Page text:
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EMPIRE LEAGUE | PREP FOOTBALL '96

He Leaves Them Breathless

The fierce hitting of Garrett Sabol, a defensive back at Kennedy High, has drawn interest of several top college programs.

September 10, 1996|DAVE McKIBBEN | TIMES STAFF WRITER

LA PALMA — How could it be that Kennedy safety Garrett Sabol, one of the most ferocious hitters in Orange County, once hated the idea of making contact?

Most wide receivers in the Empire League would probably like to know.

"The first year I played I was scared to death to hit," Sabol said. "Then my father threw me in the backyard with my brother [Brad] and told us to go at it. Ever since then, I haven't been afraid."

But that doesn't mean Sabol has always liked the consequences of his vicious hits. Standing over a player who's grasping for breath or shouting in pain isn't exactly pleasant.

"The first couple years, I hated it," he said. "But after awhile, I realized it's part of the game. I figure I better get them before they get me."

And as a wide receiver himself, Sabol has been on the receiving end of a few licks. But none of the hits compare to the ones he puts on receivers who dare to enter the middle of the field.

Kennedy Coach Mitch Olson recites Sabol's statistics like he would a boxer's.

"Last year, he knocked six kids out of games and had 12 decleats, the most we've ever had," Olson said.

Said defensive coordinator Ted Canfield: "Not too many people want to throw over the middle. He will close like a ton of bricks. As an offensive coordinator, you have to say to yourself, 'Do I want to take six yards and run out of receivers?' "

Sabol said some receivers will answer the question for the offensive coordinator.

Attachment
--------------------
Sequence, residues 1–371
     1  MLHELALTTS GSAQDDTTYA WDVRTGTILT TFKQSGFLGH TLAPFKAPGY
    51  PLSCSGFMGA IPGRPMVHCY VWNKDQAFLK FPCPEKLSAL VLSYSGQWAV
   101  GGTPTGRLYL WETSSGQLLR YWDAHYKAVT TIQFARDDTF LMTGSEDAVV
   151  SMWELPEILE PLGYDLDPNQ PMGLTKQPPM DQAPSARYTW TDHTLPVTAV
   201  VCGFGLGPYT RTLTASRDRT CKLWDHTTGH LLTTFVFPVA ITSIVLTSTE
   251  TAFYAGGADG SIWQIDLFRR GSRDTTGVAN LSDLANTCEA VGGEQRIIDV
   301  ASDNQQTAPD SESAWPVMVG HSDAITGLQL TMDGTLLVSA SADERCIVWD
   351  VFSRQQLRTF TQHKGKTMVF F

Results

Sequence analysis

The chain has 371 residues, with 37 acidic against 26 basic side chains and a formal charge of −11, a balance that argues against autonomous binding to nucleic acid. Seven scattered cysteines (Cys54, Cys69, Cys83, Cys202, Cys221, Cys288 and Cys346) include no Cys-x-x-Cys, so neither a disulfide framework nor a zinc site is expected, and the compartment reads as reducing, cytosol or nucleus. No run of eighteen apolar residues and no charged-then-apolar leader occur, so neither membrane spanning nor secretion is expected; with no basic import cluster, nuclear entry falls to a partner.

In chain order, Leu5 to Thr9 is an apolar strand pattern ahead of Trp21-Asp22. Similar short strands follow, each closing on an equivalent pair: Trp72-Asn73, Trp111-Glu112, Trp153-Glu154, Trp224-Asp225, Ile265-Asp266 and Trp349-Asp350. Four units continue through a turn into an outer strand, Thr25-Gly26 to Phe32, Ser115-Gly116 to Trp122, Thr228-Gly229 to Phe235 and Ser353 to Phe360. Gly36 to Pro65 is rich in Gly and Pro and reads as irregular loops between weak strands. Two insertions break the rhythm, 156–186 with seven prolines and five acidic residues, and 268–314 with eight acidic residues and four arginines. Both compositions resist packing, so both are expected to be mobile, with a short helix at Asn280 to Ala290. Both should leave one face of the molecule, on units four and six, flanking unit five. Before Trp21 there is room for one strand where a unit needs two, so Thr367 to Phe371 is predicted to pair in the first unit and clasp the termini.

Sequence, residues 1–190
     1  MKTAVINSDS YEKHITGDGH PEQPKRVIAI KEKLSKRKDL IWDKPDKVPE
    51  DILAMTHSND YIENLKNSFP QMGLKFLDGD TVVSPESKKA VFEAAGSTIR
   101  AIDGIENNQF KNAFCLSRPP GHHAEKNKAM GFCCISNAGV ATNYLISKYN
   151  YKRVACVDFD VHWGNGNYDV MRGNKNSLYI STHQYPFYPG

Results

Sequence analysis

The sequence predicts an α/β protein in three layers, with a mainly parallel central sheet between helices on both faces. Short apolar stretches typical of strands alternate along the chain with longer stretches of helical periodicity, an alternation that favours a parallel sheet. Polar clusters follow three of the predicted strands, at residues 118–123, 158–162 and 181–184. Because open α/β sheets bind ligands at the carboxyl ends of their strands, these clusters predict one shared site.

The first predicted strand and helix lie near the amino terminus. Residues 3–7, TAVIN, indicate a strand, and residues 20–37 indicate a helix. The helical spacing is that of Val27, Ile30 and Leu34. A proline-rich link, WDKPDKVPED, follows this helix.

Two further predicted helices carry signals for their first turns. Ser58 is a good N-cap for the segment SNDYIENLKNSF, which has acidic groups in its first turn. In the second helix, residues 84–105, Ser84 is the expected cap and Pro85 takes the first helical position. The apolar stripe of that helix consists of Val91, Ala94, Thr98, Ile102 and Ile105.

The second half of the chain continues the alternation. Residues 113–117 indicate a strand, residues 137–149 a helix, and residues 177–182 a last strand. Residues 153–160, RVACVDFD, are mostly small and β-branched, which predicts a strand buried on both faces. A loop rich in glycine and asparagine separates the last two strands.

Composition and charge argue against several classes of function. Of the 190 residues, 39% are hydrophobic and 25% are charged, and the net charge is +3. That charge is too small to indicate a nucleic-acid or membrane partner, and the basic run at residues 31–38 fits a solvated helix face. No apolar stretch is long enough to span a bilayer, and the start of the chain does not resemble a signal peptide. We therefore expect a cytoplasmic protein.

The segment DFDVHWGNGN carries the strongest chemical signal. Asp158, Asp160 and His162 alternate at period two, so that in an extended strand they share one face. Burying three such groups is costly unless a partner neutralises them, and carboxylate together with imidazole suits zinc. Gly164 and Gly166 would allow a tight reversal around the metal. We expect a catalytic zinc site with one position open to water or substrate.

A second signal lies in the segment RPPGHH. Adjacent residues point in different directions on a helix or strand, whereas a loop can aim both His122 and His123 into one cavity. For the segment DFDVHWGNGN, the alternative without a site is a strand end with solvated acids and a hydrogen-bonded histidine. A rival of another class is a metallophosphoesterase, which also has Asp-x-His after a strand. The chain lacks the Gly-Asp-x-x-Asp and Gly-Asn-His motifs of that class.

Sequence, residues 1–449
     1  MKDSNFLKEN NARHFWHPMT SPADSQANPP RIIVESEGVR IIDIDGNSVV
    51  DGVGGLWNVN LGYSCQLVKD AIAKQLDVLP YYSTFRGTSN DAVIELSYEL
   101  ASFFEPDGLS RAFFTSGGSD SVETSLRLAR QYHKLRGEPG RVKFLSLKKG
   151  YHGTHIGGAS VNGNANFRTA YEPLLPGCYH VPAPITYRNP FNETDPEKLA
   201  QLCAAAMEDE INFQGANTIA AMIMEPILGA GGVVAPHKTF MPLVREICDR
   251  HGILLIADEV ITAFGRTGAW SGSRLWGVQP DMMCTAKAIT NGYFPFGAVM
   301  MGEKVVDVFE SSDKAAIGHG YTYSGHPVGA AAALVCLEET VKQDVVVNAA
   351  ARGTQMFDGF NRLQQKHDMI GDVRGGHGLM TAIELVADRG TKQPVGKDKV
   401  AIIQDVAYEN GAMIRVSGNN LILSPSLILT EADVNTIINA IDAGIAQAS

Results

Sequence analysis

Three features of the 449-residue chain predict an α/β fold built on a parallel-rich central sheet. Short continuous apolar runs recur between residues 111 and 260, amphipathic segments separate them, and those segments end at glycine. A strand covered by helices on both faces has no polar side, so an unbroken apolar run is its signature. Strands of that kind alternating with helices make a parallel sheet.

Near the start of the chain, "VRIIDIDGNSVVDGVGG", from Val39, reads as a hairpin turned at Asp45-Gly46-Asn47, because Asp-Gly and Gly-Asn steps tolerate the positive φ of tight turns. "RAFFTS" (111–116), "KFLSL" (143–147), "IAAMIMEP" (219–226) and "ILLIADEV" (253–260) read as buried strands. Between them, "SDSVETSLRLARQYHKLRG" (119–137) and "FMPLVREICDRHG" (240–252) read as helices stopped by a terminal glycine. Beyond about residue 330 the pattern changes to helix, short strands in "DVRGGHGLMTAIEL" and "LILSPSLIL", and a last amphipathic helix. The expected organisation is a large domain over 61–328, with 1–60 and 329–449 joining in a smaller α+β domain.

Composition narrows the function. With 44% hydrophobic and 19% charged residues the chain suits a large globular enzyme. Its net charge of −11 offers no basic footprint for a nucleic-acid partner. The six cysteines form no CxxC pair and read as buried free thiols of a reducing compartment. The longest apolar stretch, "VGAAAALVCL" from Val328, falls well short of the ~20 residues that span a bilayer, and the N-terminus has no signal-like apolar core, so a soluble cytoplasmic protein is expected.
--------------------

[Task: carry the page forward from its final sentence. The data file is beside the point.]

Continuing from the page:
"A Loara receiver told me after a game, 'God, do you make me think twice about coming over the middle,' " Sabol said.

When he isn't leveling someone, Sabol is often picking off passes. Last year, he tied for the county lead in interceptions with eight. He also was fourth in the county in receiving with 59 catches. He was selected to the Times' first team All-County defensive team and was named to the All-Southern Section Division V first team as a receiver.

"That made me feel good," Sabol said. "It let me know people respect me as an offensive and defensive player."

If he wanted to, Sabol could probably be among the county leaders in rushing.

"He's probably the best running back in the whole league," said Olson, who moved Sabol from running back to receiver as a sophomore and hinted he will give Sabol more carries this year.

Katella Coach Larry Anderson said he will be glad when Sabol graduates.

"He can turn a football game around," he said. "Offensively, they move him around so much you can't find him. But defensively, that's where we all fear him the most."

Not surprisingly, defense is where most college coaches would like Sabol to play. Sabol said though he prefers safety he would play receiver in college if he had to.

Olson said there aren't many big-name coaches who haven't been to Kennedy's practice field.

"Texas A&M, Michigan, USC, Notre Dame, Oregon . . . We've seen some people this summer that we've never seen around here," Olson said.

Olson knows he won't be seeing them again any time soon.

"He's the best player I've ever had," said Olson, who's coached at Kennedy for 10 years.

And Olson said Sabol's not the best by accident.

"It's not like he's a star and doesn't work," Olson said. "He's very dedicated. He's also the best leader we've ever had. He's a coach's dream. It's going to be tough when he leaves."

But before he goes, Sabol said he would like to give Empire League receivers some hits to remember him by.

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